"It appears not to have any standards or definitions of what should be on this list."

And likewise, Peter Beering, Indianapolis "terrorism preparedness coordinator"
blames federal officials
for not defining what assets should be protected:

"If you can't define it, if we can't agree on the definition of what a thing is, then we will never be able to count how many we should be worried about."

Another Indianan, Pam Bright (spokeswoman for Indiana's homeland security department), also blames the feds for Indiana’s inclusion of petting zoos and flea markets:

"I don't think there was a clarification as to what assets were, so every state had a different version of what they were supposed to submit."

I can understand why Congresswoman Maloney and other New Yorkers think they got ripped off because the DHS didn't have any rules, but there WERE rules (see Appendices D and E in the already-infamous report)-- they just didn’t enforce them. And the Indiana folks are clearly suffering from semantic illiteracy. They must have convinced themselves that they had a sensible definition of "terrorist threat" when they submitted their lists, and just couldn't imagine that other people might understand it a different way.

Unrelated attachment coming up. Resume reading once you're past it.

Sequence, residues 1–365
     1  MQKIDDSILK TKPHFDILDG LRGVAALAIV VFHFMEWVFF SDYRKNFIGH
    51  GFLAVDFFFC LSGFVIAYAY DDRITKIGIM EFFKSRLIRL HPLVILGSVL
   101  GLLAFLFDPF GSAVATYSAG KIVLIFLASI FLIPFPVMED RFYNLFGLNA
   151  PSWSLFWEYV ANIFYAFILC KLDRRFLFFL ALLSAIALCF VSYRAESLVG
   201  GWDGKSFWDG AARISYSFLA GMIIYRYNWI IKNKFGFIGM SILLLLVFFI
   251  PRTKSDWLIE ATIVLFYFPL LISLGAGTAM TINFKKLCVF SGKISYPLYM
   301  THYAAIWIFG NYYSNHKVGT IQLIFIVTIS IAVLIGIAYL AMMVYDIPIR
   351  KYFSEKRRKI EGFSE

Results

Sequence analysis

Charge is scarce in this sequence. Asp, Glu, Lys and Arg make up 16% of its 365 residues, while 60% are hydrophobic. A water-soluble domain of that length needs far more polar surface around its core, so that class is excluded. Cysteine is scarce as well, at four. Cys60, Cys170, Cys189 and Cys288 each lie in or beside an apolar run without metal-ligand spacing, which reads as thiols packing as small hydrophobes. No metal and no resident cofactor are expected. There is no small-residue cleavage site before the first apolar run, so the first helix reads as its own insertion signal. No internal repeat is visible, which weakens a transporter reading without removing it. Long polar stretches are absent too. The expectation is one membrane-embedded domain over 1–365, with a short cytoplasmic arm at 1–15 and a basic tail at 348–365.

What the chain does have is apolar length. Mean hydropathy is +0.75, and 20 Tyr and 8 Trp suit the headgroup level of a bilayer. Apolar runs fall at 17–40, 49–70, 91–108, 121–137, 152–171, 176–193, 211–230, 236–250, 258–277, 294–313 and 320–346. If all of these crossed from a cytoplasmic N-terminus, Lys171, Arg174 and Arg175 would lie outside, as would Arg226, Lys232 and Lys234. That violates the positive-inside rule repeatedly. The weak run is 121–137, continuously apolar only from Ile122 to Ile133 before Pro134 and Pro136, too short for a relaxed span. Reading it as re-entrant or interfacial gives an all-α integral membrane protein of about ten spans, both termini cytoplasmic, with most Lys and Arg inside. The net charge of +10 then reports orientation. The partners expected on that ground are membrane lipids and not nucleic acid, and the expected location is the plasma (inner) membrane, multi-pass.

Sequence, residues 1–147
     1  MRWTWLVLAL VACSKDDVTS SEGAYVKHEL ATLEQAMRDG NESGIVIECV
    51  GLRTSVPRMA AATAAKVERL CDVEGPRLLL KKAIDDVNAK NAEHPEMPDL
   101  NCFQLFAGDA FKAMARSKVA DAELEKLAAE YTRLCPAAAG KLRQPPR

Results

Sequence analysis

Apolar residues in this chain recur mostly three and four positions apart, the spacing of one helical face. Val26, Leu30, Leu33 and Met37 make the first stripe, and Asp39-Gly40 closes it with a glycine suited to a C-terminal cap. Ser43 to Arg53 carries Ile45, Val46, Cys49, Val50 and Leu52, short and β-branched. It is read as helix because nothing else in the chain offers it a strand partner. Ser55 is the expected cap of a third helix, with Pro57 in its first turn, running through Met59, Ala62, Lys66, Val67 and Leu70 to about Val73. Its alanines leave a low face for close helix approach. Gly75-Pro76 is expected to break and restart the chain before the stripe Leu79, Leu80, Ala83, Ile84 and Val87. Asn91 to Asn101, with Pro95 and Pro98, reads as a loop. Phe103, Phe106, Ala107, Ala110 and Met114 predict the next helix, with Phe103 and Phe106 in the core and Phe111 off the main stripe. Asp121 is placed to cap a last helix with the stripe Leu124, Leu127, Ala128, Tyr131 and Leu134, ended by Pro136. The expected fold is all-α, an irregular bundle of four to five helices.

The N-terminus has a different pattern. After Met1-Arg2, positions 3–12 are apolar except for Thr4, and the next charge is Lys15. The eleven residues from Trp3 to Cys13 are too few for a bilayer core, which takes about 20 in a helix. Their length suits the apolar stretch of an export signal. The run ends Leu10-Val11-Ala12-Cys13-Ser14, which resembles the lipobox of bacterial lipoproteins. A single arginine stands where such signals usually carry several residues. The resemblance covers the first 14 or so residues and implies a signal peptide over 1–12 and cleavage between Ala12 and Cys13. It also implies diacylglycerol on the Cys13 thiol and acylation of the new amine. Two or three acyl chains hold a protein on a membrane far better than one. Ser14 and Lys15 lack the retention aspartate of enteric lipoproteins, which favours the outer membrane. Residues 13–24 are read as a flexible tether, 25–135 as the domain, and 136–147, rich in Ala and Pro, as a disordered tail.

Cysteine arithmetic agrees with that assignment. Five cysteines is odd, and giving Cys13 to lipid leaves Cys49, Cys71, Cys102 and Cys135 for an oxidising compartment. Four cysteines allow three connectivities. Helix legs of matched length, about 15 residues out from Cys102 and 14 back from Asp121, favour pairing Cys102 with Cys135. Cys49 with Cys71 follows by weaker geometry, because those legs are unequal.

The only other possible explanation is that out in Indiana they were scheming to get an unfair amount of taxpayer money from the Homeland Security pork barrel, and that just wouldn't be fair.

-Bob Glushko


Needed: Terrorist Target Markup Language

The Office of Inspector General for the US Department of Homeland Security has just issued a scathing criticism of the National Asset Database. The NADB is supposed to be a comprehensive list of vital systems or locations whose destruction would have a debilitating impact on security, public health, the economy, or even morale and confidence. Unfortunately, the Inspector General's review shows that the NABD inventory contains many "non-critical assets" and thus can’t support the resource allocation and risk assessment for which it was commissioned.